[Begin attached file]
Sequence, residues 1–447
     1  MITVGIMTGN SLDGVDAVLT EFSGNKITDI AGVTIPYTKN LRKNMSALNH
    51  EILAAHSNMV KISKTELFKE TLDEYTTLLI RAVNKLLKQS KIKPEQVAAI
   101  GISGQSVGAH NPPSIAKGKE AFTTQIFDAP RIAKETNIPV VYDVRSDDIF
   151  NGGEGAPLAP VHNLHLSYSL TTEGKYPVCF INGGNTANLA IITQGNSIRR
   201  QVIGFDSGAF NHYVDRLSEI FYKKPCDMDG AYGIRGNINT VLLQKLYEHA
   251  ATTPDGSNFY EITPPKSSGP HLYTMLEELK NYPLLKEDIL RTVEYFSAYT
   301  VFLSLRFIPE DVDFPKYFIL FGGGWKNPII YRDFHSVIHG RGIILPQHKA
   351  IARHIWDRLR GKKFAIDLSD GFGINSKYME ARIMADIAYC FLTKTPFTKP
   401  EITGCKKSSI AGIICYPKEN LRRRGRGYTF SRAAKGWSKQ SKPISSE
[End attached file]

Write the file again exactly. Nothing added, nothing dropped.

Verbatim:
Sequence, residues 1–447
     1  MITVGIMTGN SLDGVDAVLT EFSGNKITDI AGVTIPYTKN LRKNMSALNH
    51  EILAAHSNMV KISKTELFKE TLDEYTTLLI RAVNKLLKQS KIKPEQVAAI
   101  GISGQSVGAH NPPSIAKGKE AFTTQIFDAP RIAKETNIPV VYDVRSDDIF
   151  NGGEGAPLAP VHNLHLSYSL TTEGKYPVCF INGGNTANLA IITQGNSIRR
   201  QVIGFDSGAF NHYVDRLSEI FYKKPCDMDG AYGIRGNINT VLLQKLYEHA
   251  ATTPDGSNFY EITPPKSSGP HLYTMLEELK NYPLLKEDIL RTVEYFSAYT
   301  VFLSLRFIPE DVDFPKYFIL FGGGWKNPII YRDFHSVIHG RGIILPQHKA
   351  IARHIWDRLR GKKFAIDLSD GFGINSKYME ARIMADIAYC FLTKTPFTKP
   401  EITGCKKSSI AGIICYPKEN LRRRGRGYTF SRAAKGWSKQ SKPISSE